To withstand processing conditions (the deposition of metal electrodes) and operational conditions (operation optical power levels at 1.3 and 1.5 microns), chromophore-containing polymer materials must be hardened subsequent to electric field poling to withstand temperatures of 90° C. or greater. Chromophores must be modified with reactive functionalities (e.g., hydroxyl groups) which permit processing into hardened polymer matrices (See, L. Dalton et al., "Synthesis and Processing of Improved Organic Second-Order Nonlinear Optical Materials for Applications in Photonics", Chemistry of Materials, Vol. 7, No. 6, pages 1060-1081 (1995), incorporated herein by reference). When thermosetting (addition or condensation) chemical reactions are employed to lock-in electric field poling-induced acentric order, a stepped poling protocol where temperature and electric field strength is increased in successive steps is frequently required to optimize material electro-optic activity (See, S.Kalluri et al., "Improved Poling and Thermal Stability of Sol-Gel Nonlinear Optical Polymers," Applied Physics Letters, Vol. 65, pages 2651-2653 (1994), incorporated herein by reference).

By optimizing the conditions of reactive ion etching, low loss optical waveguides can be fabricated in polymeric waveguides containing acentrically order organic chromophores (See: W. H. Steier et al., "Applications of Electro-Optic Polymers in Photonics," Materials Research Society Symposium Proceedings, Vol. 413, Electrical, Optical and Magnetic Properties of Organic Solid State Materials (Materials Research Society, Pittsburgh, 1996) pages 147-58; A. Chen et al., "Optimized Oxygen Plasma Etching of Polyurethane Based Electrooptic Polymers for Low Loss Waveguide Fabrication," Journal of the Electrochemical Society, Vol. 143, pages 3648-3651 (1996), incorporated herein by reference). A variety of other techniques can also be employed to fabricate buried channel active electro-optic waveguides including laser ablation, multi-color photolithography, and spatially selective poling (See, L. Dalton et al., "Synthesis and Processing of Improved Organic Second-Order Nonlinear Optical Materials for Applications in Photonics", Chemistry of Materials, Vol. 7, No. 6, pages 1060-1081 (1995), incorporated herein by reference).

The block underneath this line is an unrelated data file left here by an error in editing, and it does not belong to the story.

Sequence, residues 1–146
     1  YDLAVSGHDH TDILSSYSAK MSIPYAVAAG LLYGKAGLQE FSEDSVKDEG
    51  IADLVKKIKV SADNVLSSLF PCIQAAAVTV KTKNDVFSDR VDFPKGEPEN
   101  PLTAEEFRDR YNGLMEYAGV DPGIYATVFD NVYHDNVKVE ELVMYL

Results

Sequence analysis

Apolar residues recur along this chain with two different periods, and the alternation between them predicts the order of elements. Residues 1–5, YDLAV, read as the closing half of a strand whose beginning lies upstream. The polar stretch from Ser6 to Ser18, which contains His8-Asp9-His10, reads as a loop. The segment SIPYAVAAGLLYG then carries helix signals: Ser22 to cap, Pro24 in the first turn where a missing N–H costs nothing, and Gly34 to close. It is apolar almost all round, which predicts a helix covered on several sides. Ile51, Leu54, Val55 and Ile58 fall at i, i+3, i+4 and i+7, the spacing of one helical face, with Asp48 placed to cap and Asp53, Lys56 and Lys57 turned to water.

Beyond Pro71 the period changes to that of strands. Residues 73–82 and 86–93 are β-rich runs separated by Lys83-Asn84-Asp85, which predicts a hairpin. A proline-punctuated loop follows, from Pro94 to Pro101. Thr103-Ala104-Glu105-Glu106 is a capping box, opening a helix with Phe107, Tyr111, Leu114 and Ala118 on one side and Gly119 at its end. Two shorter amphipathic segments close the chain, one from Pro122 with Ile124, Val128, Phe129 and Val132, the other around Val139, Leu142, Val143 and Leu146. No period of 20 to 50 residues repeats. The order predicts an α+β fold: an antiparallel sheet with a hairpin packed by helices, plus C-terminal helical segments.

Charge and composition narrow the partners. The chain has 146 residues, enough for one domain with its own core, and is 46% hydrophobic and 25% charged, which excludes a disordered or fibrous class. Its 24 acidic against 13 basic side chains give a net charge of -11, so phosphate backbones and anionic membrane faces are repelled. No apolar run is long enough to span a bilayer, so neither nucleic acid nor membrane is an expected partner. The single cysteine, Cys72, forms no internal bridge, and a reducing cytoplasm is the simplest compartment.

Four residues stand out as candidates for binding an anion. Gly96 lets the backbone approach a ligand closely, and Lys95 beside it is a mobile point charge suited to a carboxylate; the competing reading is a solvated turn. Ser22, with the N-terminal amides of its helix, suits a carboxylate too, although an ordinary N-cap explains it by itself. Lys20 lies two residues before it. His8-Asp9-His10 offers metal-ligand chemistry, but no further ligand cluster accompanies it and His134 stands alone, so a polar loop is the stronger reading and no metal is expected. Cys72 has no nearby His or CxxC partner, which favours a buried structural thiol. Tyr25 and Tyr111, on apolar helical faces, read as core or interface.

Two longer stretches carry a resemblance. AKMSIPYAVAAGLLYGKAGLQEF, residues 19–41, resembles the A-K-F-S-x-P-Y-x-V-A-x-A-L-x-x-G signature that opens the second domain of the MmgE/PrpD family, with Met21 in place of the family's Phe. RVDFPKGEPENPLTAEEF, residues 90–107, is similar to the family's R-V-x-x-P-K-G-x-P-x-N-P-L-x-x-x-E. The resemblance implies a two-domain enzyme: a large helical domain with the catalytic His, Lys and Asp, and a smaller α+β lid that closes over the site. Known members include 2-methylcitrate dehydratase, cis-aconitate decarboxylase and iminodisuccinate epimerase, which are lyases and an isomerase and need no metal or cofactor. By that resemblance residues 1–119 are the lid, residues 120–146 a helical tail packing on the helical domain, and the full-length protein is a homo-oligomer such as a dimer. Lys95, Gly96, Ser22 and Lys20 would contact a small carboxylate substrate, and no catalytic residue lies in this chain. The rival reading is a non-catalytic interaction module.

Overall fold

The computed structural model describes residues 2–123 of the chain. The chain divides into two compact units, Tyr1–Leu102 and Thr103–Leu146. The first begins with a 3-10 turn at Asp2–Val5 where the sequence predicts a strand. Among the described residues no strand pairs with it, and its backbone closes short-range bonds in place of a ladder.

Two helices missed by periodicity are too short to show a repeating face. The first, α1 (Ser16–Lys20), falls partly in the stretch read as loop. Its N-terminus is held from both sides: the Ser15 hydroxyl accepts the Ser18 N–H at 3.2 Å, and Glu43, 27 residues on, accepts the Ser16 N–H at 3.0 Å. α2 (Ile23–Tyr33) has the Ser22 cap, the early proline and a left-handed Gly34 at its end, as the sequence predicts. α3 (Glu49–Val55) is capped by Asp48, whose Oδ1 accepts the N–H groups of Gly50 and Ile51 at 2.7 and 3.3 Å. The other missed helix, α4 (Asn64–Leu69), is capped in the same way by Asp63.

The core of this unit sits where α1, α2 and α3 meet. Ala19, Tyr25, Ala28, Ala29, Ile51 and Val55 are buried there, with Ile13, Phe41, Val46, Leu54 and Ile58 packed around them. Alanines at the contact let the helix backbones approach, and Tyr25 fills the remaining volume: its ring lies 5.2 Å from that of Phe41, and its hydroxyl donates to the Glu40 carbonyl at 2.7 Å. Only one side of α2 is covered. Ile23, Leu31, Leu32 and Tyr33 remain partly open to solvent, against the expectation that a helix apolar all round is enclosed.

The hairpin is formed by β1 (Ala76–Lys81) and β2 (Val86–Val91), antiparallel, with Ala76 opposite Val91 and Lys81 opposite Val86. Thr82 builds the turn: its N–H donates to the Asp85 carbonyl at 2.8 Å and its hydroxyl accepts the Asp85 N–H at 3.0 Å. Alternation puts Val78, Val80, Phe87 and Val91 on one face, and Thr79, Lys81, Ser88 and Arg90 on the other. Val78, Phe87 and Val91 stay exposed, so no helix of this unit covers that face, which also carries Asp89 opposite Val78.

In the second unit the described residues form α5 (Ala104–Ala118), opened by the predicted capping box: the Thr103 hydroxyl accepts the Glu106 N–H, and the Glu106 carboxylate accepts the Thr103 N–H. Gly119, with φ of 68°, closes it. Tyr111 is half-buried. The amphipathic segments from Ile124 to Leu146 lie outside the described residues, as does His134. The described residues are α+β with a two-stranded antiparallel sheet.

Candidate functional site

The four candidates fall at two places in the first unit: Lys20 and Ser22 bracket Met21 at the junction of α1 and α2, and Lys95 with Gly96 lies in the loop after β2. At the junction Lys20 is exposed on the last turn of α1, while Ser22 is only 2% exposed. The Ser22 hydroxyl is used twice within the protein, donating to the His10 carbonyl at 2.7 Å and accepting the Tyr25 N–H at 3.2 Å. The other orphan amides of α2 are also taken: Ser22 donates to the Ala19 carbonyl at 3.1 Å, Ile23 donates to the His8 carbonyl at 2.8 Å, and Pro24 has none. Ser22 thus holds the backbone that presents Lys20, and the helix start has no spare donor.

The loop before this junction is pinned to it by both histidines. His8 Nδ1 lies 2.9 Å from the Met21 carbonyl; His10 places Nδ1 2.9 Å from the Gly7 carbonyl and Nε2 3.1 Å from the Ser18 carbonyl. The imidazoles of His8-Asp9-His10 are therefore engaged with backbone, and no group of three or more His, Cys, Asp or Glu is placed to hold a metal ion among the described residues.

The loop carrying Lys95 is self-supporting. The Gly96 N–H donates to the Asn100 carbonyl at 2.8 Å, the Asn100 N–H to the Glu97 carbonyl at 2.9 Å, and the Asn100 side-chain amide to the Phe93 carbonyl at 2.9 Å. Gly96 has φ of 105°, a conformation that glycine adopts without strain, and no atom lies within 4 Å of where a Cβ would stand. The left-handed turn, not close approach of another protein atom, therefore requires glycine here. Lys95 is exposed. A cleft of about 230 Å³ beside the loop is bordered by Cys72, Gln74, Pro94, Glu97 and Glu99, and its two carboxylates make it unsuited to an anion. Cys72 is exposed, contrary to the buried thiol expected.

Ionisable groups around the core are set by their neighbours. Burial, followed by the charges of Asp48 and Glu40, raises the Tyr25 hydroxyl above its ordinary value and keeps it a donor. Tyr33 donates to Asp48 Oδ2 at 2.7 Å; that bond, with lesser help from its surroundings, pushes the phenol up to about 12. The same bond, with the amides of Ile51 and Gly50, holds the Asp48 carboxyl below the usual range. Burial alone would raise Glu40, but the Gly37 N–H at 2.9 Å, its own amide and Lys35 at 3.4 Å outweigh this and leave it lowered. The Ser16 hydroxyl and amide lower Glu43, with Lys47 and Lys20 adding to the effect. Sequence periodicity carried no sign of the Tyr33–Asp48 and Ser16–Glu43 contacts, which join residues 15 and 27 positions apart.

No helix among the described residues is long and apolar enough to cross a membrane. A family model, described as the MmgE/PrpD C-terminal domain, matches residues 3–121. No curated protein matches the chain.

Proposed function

The integration of polymeric waveguide electro-optic modulators with semiconductor very large scale integration (VLSI) circuitry demonstrates the putative advantage of polymeric electro-optic materials for integration with semiconductor electronics (See: S. Kalluri et al., "Integration of Polymer Electrooptic Devices on Non-Planar Silicon Integrated Circuits," Proceedings of the SPIE, Vol. 2527, pages 375-383 (1995); S. Kalluri et al., "Monolithic Integration of Waveguide Polymer Electrooptic Modulators on VLSI Circuitry," IEEE Photonics Technology Letters, Vol. 8, pages 644-646 (1996), incorporated herein by reference).

Low loss coupling schemes for coupling polymeric modulator waveguides to silica fiber transmission lines can also be employed (See, A. Chen et al., "Integrated Polymer Waveguide Mode Size Transformer with a Vertical Taper for Improved Fiber Coupling," Optoelectronic Interconnects and Packaging IV, eds., R. P. Chen and P. S. Gulfoyle, Proceedings of the SPIE, Vol. 3005, pages 65-76 (1997), incorporated herein by reference).

The putative large operational bandwidth of polymeric modulators has been demonstrated in a series of experiments establishing ever increasing bandwidth records and leading to the current record of 113 Gigahertz (See: D. G. Girton et al., "20 GHz Electro-Optic Polymer Mach-Zehnder Modulator", Applied Physics Letters, Vol. 58, pages 1730-1732 (1991); W. Wang et al., "40-GHz Polymer Electrooptic Phase Modulators", IEEE Photonics Technology Letters, Vol. 7, pages 638-640 (1995); D. Chen et al., "High-Bandwidth Polymer Modulators," Proceedings of the SPIE, Vol. 3007, pages 314-317 (1997); D. Chen et al., "Demonstration of 110 GHz Electro-Optic Polymer Modulators," Applied Physics Letters, Vol. 70, pages 2082-2084 (1997), incorporated herein by reference).

The present invention provides a new level of performance of polymeric electro-optic modulators surpassing lithium niobate and semiconductor material modulators in terms of electro-optic coefficient as well as material defined bandwidth performance. The material class that represents the materials basis of this disclosure is characterized not only by exceptional optical nonlinearity (μβ values in excess of 15,000×10-48 esu) but also by exceptional (particularly for a high μβ chromophore) thermal and chemical stability and by low absorption loss at 1.3 and 1.5 micron wavelengths (communication band wavelengths).